The Hunting Ground documentary review: why you have no idea how bad rape is on campus

The Hunting Ground green light

U.S. universities have plenty of financial incentives to minimize rape on campus, as this enraging film demonstrates. But there are women fighting back…
I’m “biast” (pro): love Kirby Dick’s work; rape culture needs a hearty smack

I’m “biast” (con): nothing

(what is this about? see my critic’s minifesto)

Following on from The Invisible War, his film about the rape epidemic in the U.S. military, documentarian Kirby Dick looks at rape on American college campuses… and The Hunting Ground is almost the same film, and just as enraging. This is not a criticism of Dick as a filmmaker but of our culture, which places the safety of women on a list of things worth worrying about far below such other matters as “institutional pride” and “making a profit.”

Dick talks to women (and a few men) from universities around the U.S whose stories of being attacked are horrifying, but — as almost all of them say — the way their universities did almost nothing when they reported the rapes was even worse. Numerous former professors and administrators explain the many financial incentives universities have to minimize rape on campus, including how student athletes (who commit a disproportiate number of rapes ) are coddled and protected from accusations because sports programs are big business; many of these university employees lost their jobs for speaking out against the standard do-nothing approach to rape on campus. Fraternities are moneymakers for universities, too, we learn, so there’s no motivation to crack down on the likes of Sigma Alpha Epsilon; apparently young women on campuses across the nation know to interpret “SAE” to mean “sexual assault expected.” (Former frat-boy rapists explain onscreen the pride they took in their predatory behavior.)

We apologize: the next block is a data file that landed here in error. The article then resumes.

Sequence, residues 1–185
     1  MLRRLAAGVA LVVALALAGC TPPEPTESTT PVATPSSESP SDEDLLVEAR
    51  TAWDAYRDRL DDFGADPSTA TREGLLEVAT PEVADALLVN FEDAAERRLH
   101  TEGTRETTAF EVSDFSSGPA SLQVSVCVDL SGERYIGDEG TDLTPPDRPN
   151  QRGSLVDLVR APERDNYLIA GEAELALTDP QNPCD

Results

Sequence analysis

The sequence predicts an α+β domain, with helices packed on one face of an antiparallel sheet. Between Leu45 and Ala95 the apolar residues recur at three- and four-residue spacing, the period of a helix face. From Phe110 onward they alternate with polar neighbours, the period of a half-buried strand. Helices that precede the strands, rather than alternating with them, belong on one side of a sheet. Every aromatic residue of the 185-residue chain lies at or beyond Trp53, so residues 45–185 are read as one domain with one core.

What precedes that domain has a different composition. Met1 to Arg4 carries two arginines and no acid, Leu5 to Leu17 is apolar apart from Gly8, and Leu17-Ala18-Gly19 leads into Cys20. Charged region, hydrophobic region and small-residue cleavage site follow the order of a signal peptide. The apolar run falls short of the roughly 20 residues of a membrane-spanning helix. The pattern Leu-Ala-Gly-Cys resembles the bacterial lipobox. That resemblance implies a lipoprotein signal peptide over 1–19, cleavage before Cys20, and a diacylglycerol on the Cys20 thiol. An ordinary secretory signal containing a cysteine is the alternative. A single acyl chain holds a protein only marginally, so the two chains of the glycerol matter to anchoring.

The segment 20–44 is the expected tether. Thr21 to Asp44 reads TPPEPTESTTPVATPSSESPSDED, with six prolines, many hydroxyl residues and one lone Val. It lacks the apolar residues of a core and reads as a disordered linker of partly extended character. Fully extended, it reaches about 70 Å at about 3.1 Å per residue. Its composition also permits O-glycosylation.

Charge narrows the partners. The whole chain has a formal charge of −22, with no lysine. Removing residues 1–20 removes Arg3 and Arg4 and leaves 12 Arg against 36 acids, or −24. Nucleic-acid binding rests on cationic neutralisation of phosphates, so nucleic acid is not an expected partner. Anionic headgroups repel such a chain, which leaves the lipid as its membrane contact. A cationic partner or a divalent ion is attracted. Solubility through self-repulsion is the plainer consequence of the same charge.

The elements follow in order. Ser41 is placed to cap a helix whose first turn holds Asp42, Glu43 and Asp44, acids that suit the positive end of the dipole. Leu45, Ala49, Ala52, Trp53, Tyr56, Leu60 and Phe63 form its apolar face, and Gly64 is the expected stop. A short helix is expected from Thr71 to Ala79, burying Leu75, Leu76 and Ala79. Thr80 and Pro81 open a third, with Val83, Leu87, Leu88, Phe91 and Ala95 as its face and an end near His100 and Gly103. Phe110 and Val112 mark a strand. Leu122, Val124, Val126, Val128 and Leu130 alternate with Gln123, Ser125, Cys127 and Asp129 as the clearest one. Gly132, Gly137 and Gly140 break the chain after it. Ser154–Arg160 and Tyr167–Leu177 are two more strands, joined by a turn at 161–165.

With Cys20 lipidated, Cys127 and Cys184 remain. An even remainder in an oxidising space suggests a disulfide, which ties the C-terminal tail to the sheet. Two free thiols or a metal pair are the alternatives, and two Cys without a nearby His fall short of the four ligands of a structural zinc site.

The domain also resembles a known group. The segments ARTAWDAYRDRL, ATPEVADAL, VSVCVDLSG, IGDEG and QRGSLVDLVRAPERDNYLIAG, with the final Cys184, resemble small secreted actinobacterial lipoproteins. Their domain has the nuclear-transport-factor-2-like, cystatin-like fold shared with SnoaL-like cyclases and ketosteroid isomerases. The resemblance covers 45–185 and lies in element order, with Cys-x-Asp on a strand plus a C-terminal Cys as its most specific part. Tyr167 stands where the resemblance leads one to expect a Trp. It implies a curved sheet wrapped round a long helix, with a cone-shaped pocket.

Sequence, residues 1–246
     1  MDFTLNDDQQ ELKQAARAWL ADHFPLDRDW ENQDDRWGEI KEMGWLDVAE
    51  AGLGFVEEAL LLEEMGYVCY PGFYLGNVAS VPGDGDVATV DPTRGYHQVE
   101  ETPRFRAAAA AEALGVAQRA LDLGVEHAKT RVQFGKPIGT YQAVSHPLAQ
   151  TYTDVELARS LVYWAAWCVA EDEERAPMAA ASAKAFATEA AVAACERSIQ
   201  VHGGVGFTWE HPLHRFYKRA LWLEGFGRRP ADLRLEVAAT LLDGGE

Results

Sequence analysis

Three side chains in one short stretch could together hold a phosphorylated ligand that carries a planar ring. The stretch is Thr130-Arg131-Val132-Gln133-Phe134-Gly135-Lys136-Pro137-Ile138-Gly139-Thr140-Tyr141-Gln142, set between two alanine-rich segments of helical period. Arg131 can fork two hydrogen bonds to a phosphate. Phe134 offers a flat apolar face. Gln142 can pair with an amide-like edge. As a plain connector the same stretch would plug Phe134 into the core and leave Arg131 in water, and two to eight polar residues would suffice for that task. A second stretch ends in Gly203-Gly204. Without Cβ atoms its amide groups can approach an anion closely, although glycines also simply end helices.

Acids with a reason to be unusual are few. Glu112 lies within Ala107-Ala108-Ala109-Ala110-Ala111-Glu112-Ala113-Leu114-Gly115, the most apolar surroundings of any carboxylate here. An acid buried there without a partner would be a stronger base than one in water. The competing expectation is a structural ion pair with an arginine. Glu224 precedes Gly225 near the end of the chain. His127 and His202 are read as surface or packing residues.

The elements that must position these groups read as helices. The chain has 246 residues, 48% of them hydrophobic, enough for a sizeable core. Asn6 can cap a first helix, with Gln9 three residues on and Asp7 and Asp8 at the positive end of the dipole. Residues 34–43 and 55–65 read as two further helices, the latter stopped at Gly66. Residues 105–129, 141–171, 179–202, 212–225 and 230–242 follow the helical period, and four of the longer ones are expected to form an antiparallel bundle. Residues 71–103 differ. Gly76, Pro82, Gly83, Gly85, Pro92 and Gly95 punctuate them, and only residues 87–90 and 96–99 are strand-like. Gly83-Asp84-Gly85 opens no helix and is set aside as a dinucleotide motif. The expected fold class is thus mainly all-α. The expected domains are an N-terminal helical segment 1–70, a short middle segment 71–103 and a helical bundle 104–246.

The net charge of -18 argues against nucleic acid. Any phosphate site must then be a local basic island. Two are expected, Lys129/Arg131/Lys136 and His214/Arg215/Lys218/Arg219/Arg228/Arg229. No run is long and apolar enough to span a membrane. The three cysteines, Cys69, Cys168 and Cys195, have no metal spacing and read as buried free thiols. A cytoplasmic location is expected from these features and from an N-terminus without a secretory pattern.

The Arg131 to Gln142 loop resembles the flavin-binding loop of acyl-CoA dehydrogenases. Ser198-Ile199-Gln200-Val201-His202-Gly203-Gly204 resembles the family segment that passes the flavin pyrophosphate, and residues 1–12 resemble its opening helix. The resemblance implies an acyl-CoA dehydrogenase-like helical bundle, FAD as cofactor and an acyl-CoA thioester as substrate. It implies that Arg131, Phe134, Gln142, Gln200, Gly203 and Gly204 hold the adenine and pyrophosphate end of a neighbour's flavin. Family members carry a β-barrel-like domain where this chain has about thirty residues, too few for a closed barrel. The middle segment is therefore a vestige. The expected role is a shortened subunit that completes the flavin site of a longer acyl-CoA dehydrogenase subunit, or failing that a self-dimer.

This isn’t a relentlessly grim film: its central organizing structure is around a group of young women who have taken the fight for justice into their own hands, filing civil-rights lawsuits against universities and speaking out publicly about their experiences in an attempt to shame those with the money, power, and influence who’ve ignored the problem for too long. Still, as with The Invisible War, this is ultimately a portrait in how the world kills women’s passion, enthusiasm, and ambition by not valuing it in the first place. The Hunting Ground opens with teenaged girls screaming with delighted excitement as they learn they’ve been accepted at their dream schools. Some of the rape survivors we meet here are still able to say, even after their universities have let them down so terribly, that they love the school and love the education they’ve gotten. But it’s also perfectly plain that the light has dimmed in many of them.

See also my #WhereAreTheWomen rating of The Hunting Ground for its representation of girls and women.

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